However, it might just be worth having a quick look at some numbers. 745 rhinos were killed due to illegal poaching in 2012 in Africa, which amounts to approximately two rhinos each day, mostly for their horns. In South Africa alone, 461 rhinos were killed in just the first half of 2013. Rhino horns are valued for their medicinal uses and for their supposed cancer-curing powers. Of course, rhino horns have no pharmacological value at all, making their harvest even more tragic. The five non-breeding rhinos that Namibia allows to be hunted each year seem paltry in comparison, especially since they are older males who can no longer contribute to population growth.

I don’t understand the desire to kill a magnificent animal for sport, even if the individual is an older non-breeding male. The sale of the right to kill an animal for a trophy surely reflects the value that animal lives hold in at least some corners of our society: that killing an animal for fun isn’t wrong, as long as you can afford it. It is right to worry about the sort of message that sends.

But if an endangered species as charismatic as the black rhinoceros is under such extreme threat from poaching, then perhaps the message that the species needs saving has a larger problem to address than the relatively limited loss of animals to wealthy hunters. The real tragedy here is that the one rhino that will be killed as a result of Saturday’s auction has received a disproportionate amount of media attention compared to the hundreds of rhinos lost to poaching each year, which remain largely invisible. And while there remains at least a possibility that sanctioned trophy hunts can benefit the black rhino as they have for the white rhino, there is only one possible consequence of continued poaching. It’s one that conservationists and hunters alike will lament. – Jason G. Goldman | 15 January 2014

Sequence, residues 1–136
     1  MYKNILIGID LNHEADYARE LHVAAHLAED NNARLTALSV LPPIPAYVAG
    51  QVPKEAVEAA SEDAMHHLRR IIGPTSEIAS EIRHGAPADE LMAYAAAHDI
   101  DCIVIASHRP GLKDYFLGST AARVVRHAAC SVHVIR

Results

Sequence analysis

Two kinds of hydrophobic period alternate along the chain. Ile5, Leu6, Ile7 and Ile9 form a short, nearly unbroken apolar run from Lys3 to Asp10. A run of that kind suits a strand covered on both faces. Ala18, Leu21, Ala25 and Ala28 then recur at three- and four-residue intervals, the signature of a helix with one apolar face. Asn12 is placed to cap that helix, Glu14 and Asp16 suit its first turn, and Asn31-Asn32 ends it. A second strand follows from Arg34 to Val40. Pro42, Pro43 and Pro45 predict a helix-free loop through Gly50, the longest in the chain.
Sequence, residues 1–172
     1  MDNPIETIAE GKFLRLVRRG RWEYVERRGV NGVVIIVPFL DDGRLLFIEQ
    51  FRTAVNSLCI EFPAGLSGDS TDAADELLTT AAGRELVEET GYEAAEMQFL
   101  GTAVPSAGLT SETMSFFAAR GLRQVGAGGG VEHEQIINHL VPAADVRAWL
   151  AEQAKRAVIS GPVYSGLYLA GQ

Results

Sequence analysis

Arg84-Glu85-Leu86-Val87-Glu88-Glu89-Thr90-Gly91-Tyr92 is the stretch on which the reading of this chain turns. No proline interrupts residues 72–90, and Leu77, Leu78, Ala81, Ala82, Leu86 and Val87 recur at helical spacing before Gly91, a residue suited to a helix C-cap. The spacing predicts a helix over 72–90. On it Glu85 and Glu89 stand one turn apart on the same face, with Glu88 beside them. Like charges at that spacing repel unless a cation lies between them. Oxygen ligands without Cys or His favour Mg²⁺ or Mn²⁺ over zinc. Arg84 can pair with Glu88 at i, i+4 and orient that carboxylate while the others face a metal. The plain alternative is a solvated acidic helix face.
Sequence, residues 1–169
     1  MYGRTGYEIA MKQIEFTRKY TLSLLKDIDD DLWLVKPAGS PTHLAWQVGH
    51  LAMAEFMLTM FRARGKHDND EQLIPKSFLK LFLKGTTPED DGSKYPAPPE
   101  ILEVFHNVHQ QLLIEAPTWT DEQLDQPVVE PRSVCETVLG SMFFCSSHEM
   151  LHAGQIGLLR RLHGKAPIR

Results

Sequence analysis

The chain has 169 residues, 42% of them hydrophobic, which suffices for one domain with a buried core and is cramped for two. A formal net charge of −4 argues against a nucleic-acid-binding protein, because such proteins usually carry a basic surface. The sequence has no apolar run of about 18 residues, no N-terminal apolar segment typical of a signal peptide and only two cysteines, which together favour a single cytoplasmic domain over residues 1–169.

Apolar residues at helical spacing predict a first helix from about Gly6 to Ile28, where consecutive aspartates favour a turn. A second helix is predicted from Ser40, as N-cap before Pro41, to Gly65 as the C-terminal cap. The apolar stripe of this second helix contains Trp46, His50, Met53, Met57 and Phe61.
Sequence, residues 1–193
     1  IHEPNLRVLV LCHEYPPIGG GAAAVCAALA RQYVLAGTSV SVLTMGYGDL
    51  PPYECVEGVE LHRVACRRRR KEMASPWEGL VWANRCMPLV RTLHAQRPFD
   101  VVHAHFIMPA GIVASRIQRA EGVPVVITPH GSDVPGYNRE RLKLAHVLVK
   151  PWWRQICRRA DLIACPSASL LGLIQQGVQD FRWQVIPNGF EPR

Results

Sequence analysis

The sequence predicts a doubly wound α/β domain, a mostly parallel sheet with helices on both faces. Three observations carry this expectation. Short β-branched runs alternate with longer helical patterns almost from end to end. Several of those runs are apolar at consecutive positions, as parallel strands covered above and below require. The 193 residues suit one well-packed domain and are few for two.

Sources: Leader-Williams N., Milledge S., Adcock K., Brooks M., Conway A., Knight M., Mainka S., Martin E.B. & Teferi T. (2005). Trophy Hunting of Black Rhino: Proposals to Ensure Its Future Sustainability,Journal of International Wildlife Law & Policy, 8 (1) 1-11. DOI:

Lindsey P.A., Alexander R., Frank L.G., Mathieson A. & Romanach S.S. (2006). Potential of trophy hunting to create incentives for wildlife conservation in Africa where alternative wildlife-based land uses may not be viable, Animal Conservation, 9 (3) 283-291. DOI: 

Leader-Williams N. Elephant Hunting and Conservation, Science, 293(5538) 2203b-2204. DOI: 

Photo: Male black rhino and calf, Karl Stromayer/USFWS. Public domain.

A Trophy Hunt That’s Good for Rhinos

This is a very insightful look at the practicalities of Black Rhino conservation. It is definitely worth reading!

strange behaviors

My latest, for The New York Times:

Let’s stipulate up front that there is no great sport in hunting a black rhinoceros, especially not in Namibia’s open countryside. The first morning we went out tracking in the northern desert there, we nosed around in vehicles for several hours until our guides spotted a rhino a half mile off. Then we hiked quietly up into a high valley. There, a rhino mom with two huge horns stood calmly in front of us next to her calf, as if triceratops had come back to life, at a distance of 200 yards. We shot them, relentlessly, with our cameras.

Let’s also accept, nolo contendere, that trophy hunters are “coldhearted, soulless zombies.” That’s how protesters put it following the recent $350,000 winning bid for the right to trophy hunt a black rhino in Namibia. Let’s acknowledge, finally, that we are in the middle…